language of the Enron Corpus
The content of Tega Brain and Sam Lavigne 's The Good Life has survived several severe systematic cullings to make its way to your inbox. The emails of 158 senior executives of the self-doomed Enron corporation composed during its final four years were released into the public domain by The Federal Energy Regulatory Commission (FERC) in 2003. The Enron Corpus, as it has become known, then numbered at over 1,600,000 emails, but, after belated motions filed by the company, the FERC allowed emails containing "personal information" to be removed via a joint effort by Enron employees, FERC staff, and private contractors. The Corpus was further pruned and edited by various academics to address "a number of integrity problems". The Good Life originally consisted of the resultant 500,000 emails sent to subscribers over the course of 30 days, 1 year, or 7 years. Due to a "high email traffic issue" which resulted in many emails caught upstream of spam folders, the artists scrubbed the dataset further, removing many duplicates, which left a mere 225,000 emails.
Scholar and writer Finn Brunton, who introduces The Good Life in a series of mini-videos, writes in Spam: A Shadow History of the Internet that the concepts of both "community" and "spam" are "zones where we can meet and negotiate about meaning." This makes us wonder if self-requested spam of The Good Life's users is actually spam; it also makes us wonder whether the portrait the Corpus paints of Enron resembles anything like a community. Brunton compares the project's scale to that of "a Balzac novel", but, unlike the author's obsession with detailing various social strata, these missives are almost solely authored by those whom Brain and Lavigne call "mostly white male corporate criminals." The emails detailing janitorial cleaning supplies are sorely missed.
Enron's collective ethos comes through strongly however. This is a corporate culture helmed by a man (former CEO Jeff Skilling) who declared during his college interview, “I'm fucking smart,” told a friend, “I like guys with spikes,” and organized extreme sports vacations for underlings. To those familiar with the Enron mouthfeel, an email concerning Skilling's attempts to set up a motorcycle trip with a former “US Special forces group that does specialized adventure travel” in Costa Rica seems less bizarre than indicative. A series of highly offensive joke chain-emails illustrates a pervasive misogyny confirmed by indulgent boys-will-be-boys tales of strippers in high-level executives' offices. As it became clear that the market, and the feds, were catching up with Enron’s experiments with “Gross Notional Value,” Skilling and founder and chairman Ken Lay dumped their stock while encouraging employees to keep buying. These same employees would be given half an hour to vacate the building during the inevitable mass-firing. As the wheels begin to come off, Timothy Murphy (of the El Paso Corporation) sends the following message, “I can see Ken and his boys going to jail. Bend over.”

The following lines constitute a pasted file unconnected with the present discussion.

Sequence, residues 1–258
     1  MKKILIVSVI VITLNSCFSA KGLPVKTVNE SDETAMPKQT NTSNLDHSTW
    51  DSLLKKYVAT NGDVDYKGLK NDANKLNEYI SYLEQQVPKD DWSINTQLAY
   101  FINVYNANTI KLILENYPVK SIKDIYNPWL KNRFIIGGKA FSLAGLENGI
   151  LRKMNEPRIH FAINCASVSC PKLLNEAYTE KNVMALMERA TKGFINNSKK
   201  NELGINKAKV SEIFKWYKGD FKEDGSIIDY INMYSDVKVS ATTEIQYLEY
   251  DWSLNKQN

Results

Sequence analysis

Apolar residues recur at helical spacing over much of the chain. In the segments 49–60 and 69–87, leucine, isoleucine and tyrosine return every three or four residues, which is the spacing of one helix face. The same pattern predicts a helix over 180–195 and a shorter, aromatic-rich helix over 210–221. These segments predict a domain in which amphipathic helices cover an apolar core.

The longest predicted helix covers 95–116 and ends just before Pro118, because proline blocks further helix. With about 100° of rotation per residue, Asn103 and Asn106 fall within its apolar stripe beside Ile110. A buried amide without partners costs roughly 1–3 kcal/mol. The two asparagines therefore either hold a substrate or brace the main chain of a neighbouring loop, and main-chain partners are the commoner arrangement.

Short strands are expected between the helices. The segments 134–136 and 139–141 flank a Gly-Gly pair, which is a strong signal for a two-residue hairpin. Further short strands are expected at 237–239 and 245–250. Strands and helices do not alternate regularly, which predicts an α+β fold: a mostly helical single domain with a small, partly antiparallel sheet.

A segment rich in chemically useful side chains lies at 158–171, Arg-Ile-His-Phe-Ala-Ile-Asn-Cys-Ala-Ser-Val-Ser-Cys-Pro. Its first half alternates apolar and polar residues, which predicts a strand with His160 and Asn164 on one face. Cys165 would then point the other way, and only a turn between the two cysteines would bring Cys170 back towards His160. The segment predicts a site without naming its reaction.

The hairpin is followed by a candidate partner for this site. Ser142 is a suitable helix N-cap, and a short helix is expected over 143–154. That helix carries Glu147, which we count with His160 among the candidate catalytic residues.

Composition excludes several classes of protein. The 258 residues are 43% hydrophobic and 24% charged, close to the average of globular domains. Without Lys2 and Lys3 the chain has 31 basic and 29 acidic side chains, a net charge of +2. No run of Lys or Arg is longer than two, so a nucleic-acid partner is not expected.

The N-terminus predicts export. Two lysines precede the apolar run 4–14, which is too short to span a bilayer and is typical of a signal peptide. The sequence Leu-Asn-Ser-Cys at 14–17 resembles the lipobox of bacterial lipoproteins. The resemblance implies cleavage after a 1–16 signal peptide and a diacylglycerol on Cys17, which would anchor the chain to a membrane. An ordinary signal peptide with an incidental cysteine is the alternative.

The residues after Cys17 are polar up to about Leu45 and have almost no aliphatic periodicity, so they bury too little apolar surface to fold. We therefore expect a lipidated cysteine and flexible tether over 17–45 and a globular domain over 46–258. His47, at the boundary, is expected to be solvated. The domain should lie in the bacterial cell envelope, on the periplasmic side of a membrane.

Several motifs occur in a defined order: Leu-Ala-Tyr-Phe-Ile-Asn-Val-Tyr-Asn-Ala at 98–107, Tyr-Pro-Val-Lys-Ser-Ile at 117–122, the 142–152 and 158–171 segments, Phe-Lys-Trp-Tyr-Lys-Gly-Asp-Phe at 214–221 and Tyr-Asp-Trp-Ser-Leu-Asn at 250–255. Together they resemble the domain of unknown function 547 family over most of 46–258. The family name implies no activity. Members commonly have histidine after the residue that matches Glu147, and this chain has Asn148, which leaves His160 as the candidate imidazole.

Brain and Lavigne do not attempt to fashion these disparate communications into a downfall narrative. Instead, they seem interested in the Corpus’ status as a dataset used, as Brunton puts it, “to train spam filters and other natural language machine learning systems.” As Jessica Leber writes in in the MIT Technology Review, “much of today's software for fraud detection, counterterrorism operations, and mining workplace behavioral patterns over email has been somehow touched by the dataset.” The Good Life seeks to draw attention to the construction of such systems via emails which are decidedly abnormal (and available to researchers solely because of their abnormality). This weirdness generates the idea of an AI, whether tasked to brew your coffee or dock craft on an orbital mining station near Tannhäuser gate, attempting to be one of Skilling’s “guys with spikes.”
Brain and Lavigne’s half-serious challenge to read the emails in chronological order ultimately resembles not La Comédie humaine but rather one of our contemporary works of exhaustion, such as David Foster Wallace's Infinite Jest or Karl Ove Knausgård's interminable detailing of his struggle. As Brunton gleefully admits, much of The Good Life's content is “hypnotically boring.” Many of the emails so far slotted into my inbox are one-line nothings from “Jeff,” briefs on car rentals, or occasional “I love you”s. They offer nothing except themselves.
Humans were not meant to read the Enron Corpus, though they were meant, it seems, to disseminate and analyze it, with algorithmic aid. Watching these emails slowly unload into your inbox becomes a memento mori for your mediated self, and any dreams that the online content you’ve generated could be used to resurrect it. Infinitely searchable as Your Corpus may be, it is destined to be merely the core curriculum for the cold, distant intelligences of the future, who will, no doubt, be just as a self-obsessed as any Enron exec.